PLAISTOW — For the second time in three years, Timberlane Regional High School was required to issue a public notice by the New Hampshire Department of Environmental Services for having contaminated drinking water.
Timberlane’s water was found to have 10.9 parts per billion of arsenic in a sample taken on Nov. 20. The state standard is 10 parts per billion.
“This is not an emergency of any sort,” said Cynthia Klevens, an engineer with the DES Drinking Water & Groundwater Bureau. “It is still OK to drink the water. The concern is drinking water over a long period of time, and we are making sure they take steps to correct it.”
Timberlane Superintendent Earl Metzler would not say much about the violation.
“I’m not ready to comment on that right now,” he said. “We’re going to do what we can do to make sure it’s safe and of high quality.”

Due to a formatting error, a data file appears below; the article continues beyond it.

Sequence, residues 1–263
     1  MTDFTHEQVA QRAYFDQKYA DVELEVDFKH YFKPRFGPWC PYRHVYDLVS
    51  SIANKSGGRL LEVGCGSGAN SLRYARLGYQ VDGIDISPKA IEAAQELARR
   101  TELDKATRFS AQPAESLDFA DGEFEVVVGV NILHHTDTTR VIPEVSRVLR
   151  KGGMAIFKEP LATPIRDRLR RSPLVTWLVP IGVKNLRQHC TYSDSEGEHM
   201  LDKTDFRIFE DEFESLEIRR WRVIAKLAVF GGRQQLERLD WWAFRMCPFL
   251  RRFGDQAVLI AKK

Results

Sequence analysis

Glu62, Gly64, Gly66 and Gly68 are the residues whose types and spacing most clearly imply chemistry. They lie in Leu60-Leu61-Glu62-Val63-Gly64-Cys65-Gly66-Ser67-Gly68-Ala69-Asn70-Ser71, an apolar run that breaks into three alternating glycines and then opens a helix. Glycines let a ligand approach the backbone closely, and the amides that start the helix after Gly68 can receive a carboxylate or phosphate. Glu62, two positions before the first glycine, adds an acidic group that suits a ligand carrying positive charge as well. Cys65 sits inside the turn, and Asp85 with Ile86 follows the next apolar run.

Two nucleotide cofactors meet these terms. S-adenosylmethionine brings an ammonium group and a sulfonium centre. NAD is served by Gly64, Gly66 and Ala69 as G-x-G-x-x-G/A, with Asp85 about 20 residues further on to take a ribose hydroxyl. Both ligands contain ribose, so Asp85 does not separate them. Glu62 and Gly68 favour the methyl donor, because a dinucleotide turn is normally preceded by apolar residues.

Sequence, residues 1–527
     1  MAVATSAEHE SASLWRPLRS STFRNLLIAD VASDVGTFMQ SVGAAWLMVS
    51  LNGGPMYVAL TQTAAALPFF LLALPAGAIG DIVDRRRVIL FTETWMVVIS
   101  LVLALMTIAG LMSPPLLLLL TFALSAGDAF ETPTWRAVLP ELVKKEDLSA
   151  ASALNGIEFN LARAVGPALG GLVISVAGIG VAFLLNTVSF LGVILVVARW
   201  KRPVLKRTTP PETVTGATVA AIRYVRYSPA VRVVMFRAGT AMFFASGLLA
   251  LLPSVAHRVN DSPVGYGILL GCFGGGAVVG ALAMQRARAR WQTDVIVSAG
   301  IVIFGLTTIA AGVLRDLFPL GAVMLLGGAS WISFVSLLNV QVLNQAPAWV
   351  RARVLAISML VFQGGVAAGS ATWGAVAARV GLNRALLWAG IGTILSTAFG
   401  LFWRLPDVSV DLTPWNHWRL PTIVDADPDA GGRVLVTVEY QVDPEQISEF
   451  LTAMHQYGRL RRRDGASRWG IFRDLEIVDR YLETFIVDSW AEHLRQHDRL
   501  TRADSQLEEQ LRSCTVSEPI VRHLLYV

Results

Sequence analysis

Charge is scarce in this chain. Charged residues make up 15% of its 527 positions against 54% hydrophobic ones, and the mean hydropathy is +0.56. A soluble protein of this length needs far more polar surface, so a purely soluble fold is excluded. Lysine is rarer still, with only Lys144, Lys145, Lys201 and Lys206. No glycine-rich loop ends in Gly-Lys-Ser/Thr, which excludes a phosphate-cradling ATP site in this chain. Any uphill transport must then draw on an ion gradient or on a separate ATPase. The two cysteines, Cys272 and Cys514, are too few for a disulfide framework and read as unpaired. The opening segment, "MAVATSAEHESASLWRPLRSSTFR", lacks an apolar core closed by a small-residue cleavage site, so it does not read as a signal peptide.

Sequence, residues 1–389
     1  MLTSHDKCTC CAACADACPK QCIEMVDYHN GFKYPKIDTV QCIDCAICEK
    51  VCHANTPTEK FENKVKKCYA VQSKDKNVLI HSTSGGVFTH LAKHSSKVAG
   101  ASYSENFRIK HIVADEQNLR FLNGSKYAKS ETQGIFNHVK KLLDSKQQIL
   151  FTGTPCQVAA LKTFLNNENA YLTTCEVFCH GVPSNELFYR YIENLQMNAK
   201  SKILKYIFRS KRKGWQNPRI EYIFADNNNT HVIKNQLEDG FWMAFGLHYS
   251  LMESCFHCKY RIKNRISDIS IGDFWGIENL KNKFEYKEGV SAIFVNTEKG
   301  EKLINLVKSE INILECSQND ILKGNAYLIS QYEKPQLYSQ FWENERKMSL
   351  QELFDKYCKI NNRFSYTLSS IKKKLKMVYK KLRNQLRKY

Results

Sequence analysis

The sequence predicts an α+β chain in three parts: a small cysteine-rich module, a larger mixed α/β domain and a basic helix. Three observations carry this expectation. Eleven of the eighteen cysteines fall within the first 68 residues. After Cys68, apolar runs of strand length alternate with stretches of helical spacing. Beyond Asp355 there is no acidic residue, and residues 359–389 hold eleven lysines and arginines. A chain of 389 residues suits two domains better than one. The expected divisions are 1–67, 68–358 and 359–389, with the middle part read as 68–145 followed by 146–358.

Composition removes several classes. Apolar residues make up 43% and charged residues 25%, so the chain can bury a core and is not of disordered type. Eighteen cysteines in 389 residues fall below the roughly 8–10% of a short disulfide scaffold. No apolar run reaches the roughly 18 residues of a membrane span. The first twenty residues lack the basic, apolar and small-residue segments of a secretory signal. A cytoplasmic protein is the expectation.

Klevens said the district has already taken steps to fix the problem. Fitzpatrick Plumbing and Heating of Danville is adding iron to the water to capture the arsenic. They are also adding a chlorine injection system to bring the levels within compliance.
It was not expected that it would take long for the water to meet state standards.
“It should only take a couple weeks,” Klevens said. “They’re only required to send samples to the state, once per quarter, but I’m sure they are testing more frequently than that. Schools, without exception, are very quick to move toward a solution.”
Klevens said Timberlane tested above the standards three times in 2013. The most recent violation required the school to respond to the state in writing about how they are planning to treat the water.
“It is not unusual,” she said. “This is the reality when it comes to treating groundwater in New Hampshire. About one in every five wells in New Hampshire are above the standard. We are getting more used to it as time goes on.”